Background and Purpose - Acute stroke trials typically use disability scales as their primary end point. Neurologic impairment scales such as the National Institutes of Health Stroke Scale (NIHSS) are possibly more sensitive to change in patient status. We aimed to compare a range of potential NIHSS end points with modified Rankin Scale (mRS) and Barthel Index (BI) end points.
Methods - We simulated a total of 6000 clinical trials, each with 1400 patients. We estimated statistical power for a range of NIHSS end points, including prognosis-adjusted and fixed dichotomized end points. These end points were compared with the BI and mRS dichotomized at 95 and 1, respectively.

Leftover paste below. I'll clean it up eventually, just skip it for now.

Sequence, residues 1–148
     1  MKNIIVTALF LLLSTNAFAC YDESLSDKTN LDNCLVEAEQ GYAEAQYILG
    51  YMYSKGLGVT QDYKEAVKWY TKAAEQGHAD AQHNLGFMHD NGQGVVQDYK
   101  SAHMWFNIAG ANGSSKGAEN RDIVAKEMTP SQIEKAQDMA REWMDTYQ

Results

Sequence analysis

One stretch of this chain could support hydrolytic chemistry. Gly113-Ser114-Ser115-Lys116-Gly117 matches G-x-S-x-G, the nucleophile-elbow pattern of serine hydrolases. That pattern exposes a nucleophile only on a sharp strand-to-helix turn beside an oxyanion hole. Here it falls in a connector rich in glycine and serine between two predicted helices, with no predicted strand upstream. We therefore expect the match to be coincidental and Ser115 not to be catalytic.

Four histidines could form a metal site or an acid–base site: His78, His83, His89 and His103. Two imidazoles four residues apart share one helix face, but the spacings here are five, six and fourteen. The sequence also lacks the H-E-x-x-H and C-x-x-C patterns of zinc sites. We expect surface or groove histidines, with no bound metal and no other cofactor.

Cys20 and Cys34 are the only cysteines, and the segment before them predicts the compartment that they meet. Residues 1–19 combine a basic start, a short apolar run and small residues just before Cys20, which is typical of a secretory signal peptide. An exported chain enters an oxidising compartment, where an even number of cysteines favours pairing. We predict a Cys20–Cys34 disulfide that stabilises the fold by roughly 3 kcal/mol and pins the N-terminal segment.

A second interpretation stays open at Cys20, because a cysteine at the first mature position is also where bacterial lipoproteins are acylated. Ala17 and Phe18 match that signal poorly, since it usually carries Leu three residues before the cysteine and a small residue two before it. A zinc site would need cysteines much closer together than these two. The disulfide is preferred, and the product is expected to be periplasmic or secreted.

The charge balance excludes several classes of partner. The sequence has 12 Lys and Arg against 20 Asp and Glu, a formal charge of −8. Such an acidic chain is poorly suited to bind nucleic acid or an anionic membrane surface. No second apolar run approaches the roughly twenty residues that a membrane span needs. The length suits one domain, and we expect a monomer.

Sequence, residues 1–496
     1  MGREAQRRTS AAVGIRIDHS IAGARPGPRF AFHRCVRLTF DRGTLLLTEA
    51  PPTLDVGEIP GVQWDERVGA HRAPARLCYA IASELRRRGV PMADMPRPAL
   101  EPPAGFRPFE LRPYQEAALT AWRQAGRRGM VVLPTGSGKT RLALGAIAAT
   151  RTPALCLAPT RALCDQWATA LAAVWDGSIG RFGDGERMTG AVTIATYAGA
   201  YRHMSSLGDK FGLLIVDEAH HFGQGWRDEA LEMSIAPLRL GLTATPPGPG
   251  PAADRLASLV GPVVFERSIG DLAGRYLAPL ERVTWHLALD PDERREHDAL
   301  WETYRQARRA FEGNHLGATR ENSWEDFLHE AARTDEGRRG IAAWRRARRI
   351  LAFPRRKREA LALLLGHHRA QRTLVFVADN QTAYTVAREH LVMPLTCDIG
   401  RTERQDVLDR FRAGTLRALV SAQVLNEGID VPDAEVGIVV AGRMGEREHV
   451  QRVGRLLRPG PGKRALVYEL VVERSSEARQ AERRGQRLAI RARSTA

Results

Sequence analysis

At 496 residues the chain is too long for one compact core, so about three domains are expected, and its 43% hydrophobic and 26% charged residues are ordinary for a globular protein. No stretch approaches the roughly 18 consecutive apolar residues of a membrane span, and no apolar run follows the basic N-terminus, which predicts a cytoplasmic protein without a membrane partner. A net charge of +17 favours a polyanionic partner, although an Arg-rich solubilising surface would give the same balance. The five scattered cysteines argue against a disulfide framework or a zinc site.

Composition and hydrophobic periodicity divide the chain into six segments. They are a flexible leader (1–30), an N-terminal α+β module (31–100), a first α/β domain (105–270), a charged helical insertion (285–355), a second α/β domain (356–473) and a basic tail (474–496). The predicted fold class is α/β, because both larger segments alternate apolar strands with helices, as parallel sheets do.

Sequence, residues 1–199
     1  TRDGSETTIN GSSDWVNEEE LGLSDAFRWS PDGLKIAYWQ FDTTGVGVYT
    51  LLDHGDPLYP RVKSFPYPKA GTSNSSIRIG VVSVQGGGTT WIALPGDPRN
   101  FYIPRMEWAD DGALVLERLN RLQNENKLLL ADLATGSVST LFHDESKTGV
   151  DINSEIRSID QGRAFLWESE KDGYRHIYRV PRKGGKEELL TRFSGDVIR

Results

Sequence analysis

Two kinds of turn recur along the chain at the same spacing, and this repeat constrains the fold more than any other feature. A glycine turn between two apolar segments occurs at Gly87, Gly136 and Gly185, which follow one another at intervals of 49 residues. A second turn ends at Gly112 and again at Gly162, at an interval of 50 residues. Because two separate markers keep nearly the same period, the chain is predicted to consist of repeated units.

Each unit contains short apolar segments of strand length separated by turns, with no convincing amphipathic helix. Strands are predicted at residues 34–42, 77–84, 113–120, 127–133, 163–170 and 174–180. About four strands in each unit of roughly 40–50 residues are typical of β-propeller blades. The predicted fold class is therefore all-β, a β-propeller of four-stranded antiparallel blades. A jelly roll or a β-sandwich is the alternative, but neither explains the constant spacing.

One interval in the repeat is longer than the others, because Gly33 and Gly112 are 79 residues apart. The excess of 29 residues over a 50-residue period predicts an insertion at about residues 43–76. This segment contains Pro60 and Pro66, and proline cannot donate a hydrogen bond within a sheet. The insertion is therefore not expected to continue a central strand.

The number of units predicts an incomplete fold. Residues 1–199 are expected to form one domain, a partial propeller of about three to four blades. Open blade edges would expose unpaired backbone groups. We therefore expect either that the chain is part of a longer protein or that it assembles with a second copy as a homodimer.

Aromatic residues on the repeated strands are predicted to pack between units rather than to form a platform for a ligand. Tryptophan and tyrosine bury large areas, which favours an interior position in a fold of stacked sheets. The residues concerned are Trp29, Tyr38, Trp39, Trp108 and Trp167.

Results - The most powerful fixed end point was the NIHSS dichotomized at 1. For prognosis-adjusted outcome, we found greatest power if we defined success as achieving a score of = 95 could justify a reduction in sample size of approximately 68% (95% CI, 67% to 69%) without loss of statistical power.
Conclusions - The NIHSS neurologic scale appears more sensitive than the BI or mRS, allowing smaller sample sizes or greater statistical power. The use of an NIHSS prognosis-adjusted end point could allow therapeutic effects from drugs to be more easily identified.
|Number of pages||6|
|Publication status||Published - Oct 2005|
- acute stroke
- clinical trial
- end point determination
- ACUTE ISCHEMIC-STROKE
- RANDOMIZED CONTROLLED-TRIAL
- TISSUE-PLASMINOGEN ACTIVATOR
- NEUROLOGICAL SCALES
- GLYCINE ANTAGONIST